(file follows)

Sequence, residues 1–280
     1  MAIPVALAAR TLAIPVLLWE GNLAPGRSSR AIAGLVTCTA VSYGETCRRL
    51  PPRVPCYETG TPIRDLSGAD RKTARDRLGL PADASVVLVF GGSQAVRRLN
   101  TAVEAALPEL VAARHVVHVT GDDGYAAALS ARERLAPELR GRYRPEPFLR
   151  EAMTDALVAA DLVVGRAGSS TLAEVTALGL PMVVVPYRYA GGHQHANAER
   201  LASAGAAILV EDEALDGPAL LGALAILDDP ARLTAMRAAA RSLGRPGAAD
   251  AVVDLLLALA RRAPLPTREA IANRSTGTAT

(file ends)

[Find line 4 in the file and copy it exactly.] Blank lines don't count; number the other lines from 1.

   101  TAVEAALPEL VAARHVVHVT GDDGYAAALS ARERLAPELR GRYRPEPFLR